# Solved – Transforming data for chi square — squaring negative value difference scores

I need to compare proportions of difference scores between 2 (unequal n) samples (males vs. females) on 2 different measures. I want to enter the difference scores into contingency table for chi-square type analysis.

I subtract male-female scores for each of the 2 measures

``R1C1 = Male"Yes"MeasureA - Female"Yes"MeasureA  R1C2 = Male"Yes"MeasureB - Female"Yes"MeasureB  R2C1 = Male"No"MeasureA - Female"No"MeasureA   R2C2 = Male"No"MeasureB - Female"No"MeasureB ``

When I use this method for getting difference scores, not surprisingly, some values are negative, which prevents me from doing chi-square. Is there a way to transform the data to do away with the negative values but preserve the proportions? For example, I was wondering if it would be acceptable to just square all difference scores, and then do chi-square?

So here's a bit more detail. I am investigating a measure of sexual experiences. The original measure asks respondents to indicate whether or not they've experienced a variety of sexual encounters. The survey has 2 parallel versions — one for females (asking about sexual victimization) and one for males (asking about perpetration). research has shown that, when given the original measure, females indicate ~2/3s increased rates of victimization, than males reported rate of perpetration. I have created a modified version of the survey (for both male and female versions) and I have hypothesized that this modified version will decrease the discrepancy rate between female/victims and male/perpetrators rates of responding.

I have an unequal number of males and females. each participant was given both versions of the survey (original and modified), the original was given first. I have collapsed the response data to be dichotimous — so either "yes" ([female]i have been raped/[male]i have raped someone) or "no" ([female]i have never been raped/[male]i have never raped anyone).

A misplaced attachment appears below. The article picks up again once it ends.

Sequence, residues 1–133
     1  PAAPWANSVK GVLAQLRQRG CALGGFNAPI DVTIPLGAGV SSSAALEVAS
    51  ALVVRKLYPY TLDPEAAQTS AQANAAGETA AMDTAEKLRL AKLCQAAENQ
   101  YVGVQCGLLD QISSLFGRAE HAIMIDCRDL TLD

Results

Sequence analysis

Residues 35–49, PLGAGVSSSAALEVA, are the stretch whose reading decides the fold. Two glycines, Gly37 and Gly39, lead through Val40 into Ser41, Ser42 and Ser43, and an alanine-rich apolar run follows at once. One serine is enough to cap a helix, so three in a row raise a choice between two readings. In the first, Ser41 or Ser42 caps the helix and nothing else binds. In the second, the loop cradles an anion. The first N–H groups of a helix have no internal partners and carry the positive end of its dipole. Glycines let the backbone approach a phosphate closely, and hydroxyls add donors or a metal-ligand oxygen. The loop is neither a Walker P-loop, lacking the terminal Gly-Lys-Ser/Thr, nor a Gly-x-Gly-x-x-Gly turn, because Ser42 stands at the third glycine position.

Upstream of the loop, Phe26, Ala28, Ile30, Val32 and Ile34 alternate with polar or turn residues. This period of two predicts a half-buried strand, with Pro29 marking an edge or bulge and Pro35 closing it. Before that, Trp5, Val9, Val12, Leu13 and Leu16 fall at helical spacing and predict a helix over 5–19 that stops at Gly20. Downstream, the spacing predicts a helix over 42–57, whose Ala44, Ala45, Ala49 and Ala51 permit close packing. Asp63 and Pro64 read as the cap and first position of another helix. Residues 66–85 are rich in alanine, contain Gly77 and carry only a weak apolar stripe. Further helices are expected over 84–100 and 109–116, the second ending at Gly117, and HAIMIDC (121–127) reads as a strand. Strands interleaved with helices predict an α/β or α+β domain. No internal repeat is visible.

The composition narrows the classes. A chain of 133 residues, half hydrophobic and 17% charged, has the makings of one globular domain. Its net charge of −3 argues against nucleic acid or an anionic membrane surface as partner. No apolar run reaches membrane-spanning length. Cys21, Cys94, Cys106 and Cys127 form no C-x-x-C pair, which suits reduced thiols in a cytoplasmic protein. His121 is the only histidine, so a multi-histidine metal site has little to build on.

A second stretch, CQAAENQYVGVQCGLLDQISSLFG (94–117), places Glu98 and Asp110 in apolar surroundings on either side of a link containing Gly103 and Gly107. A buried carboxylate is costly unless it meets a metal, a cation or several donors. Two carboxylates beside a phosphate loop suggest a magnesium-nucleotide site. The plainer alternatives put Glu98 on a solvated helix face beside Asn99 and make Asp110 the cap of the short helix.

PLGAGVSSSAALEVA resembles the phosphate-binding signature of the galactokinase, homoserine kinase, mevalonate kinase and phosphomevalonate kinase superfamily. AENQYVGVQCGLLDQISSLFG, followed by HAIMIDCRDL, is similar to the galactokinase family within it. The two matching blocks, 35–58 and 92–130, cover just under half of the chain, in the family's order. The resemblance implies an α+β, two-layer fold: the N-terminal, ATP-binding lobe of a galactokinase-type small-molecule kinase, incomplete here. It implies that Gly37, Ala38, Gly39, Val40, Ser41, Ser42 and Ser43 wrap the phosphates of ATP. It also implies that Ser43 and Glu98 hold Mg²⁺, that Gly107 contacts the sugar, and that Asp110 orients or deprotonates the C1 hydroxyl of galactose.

So, what i need is a way to determine if the male-female discrepancy ratio on the original measure is significantly different from the male-female discrepancy ratio of the modifed version.

further additional info. I have already run paired sample t-tests and determined that male report rates on the modified versin are significantly higher than on the original — female report rates are not significantly different across versions. So i know that the discrepancy is reduced (because male reports increased and females did not) but I'm looking for a direct way to compare the difference scores/proportions between measures.

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You say you did paired t-tests on the original data, before dichotomizing it, and that males increased significantly from the old form to the new but the female change was not significant. Unfortunately, that can not be taken as showing that the male change was bigger than the female change. You need to do an independent-groups t-test on the two sets of change scores. (Better yet, you could replace all the t-tests by confidence intervals for the corresponding means and mean differences, which would give you more information.)

For the dichotomized data, the situation is similar.
You have two contingency table, one for males and one for females.

``Males               Yes   No     Total   Yes   Myy   Myn    My.    No   Mny   Mnn    Mn.  Total   M.y   M.n    M.. = M = total number of Males  Females               Yes   No     Total   Yes   Fyy   Fyn    Fy.    No   Fny   Fnn    Fn.  Total   F.y   F.n    F.. = F = total number of Females ``

For each table, the analog of the paired t-test is the McNemar test,
http://en.wikipedia.org/wiki/McNemar%27s_test

I know of no simple standard test of the difference between the changes in endorsement rates, but if all of Myn, Mny, Myy+Mnn, Fyn, Fny, Fyy+Fnn are "large" then an asymptotic test might be justified.

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